Should New Zealand Superannuation continue to exist as it is?
Moneyworks was established in 1997, which was the same year that the referendum on compulsory superannuation was held as a result of Winston Peters negotiations to form a Government.
This referendum confirmed the role of New Zealand Superannuation as a political football – in 1993 New Zealand politicians had come up with a ‘cross party accord’ about the future of NZ Super (well, all politicians except for Winston). That accord included the continuation of the superannuation surtax – which had been imposed to ensure that New Zealand Superannuation remained viable for the future.
While the referendum on compulsory superannuation failed in the September 1997 vote, Winston was able to remove the surtax, and with MMP Governments, any surtax is unlikely to be introduced in the future.
In addition, both John Key and Jacinda Ardern stated that while they are Prime Minister, the age of eligibility for New Zealand Superannuation will not be changed.
What is NZ Superannuation?
New Zealand Superannuation is one of the most generous public pension entitlements in the world. If you meet the residency requirements of NZ Superannuation (currently living in New Zealand for 10 years with 5 of those from the age of 50, and residing in the country for more than half a year), when you turn age 65, you are entitled to receive the NZ Super income regardless of
- how much you have earned during your life
- how much you earn after the age of 65
- how many assets you have
- whether you are male or female.
All of these factors are generally used to calculate public pension incomes in other countries, New Zealand is unique.
The amount that you receive will depend on whether you are single and living alone, single and living with others, married with one person eligible or married with both people eligible. The amount is increased each 1st April to keep up with the cost of living, and if you are earning other income, you may well get less paid ‘in the hand’ as your marginal tax rate will be applied to the NZ Superannuation gross income level to work out what your after tax income should be.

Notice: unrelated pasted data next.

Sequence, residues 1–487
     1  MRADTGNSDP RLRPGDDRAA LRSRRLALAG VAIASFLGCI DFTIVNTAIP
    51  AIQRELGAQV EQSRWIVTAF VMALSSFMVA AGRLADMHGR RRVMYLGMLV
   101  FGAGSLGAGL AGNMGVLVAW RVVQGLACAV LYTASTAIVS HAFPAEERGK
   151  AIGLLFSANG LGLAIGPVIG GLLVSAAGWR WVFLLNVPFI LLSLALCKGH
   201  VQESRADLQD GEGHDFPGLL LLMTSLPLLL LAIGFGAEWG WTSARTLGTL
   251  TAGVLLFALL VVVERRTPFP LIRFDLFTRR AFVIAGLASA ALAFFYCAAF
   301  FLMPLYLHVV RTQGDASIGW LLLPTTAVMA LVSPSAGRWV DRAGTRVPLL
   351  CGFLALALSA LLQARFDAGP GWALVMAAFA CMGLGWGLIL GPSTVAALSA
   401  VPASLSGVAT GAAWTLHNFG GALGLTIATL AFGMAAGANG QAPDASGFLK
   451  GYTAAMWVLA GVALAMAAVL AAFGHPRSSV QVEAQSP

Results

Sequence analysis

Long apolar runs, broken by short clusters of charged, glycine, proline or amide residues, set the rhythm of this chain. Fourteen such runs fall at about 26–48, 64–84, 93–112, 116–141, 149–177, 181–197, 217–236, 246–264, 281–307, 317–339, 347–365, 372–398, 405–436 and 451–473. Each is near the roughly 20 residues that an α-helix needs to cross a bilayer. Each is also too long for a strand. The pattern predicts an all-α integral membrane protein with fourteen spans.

If you are entitled to a public pension payment from another country, this payment is likely to be used to offset the level of income that you receive from NZ Superannuation.
What is the issue?
The problem is that because NZ Super is so generous, it is very expensive and is not ‘funded’. A ‘funded’ scheme would mean that money had been put aside for years and built up to be able to be used in the future. While the ‘Cullen Fund’ – official name is The New Zealand Superannuation Fund (not to be confused with New Zealand Superannuation income) - was established to fund future NZ Super income entitlements and has around $50 billion invested in it , there is not enough money to pay for the income into the future.
The NZ Super income is estimated to cost nearly $20 billion each year by 2024 and is increasing in cost by $1 billion each year, as more people reach the age of 65. As the scheme isn’t ‘funded’, and the New Zealand Superannuation Fund is nowhere near big enough to fund these costs, the cost of the NZ Super income has to be paid by those people who are still working and paying tax.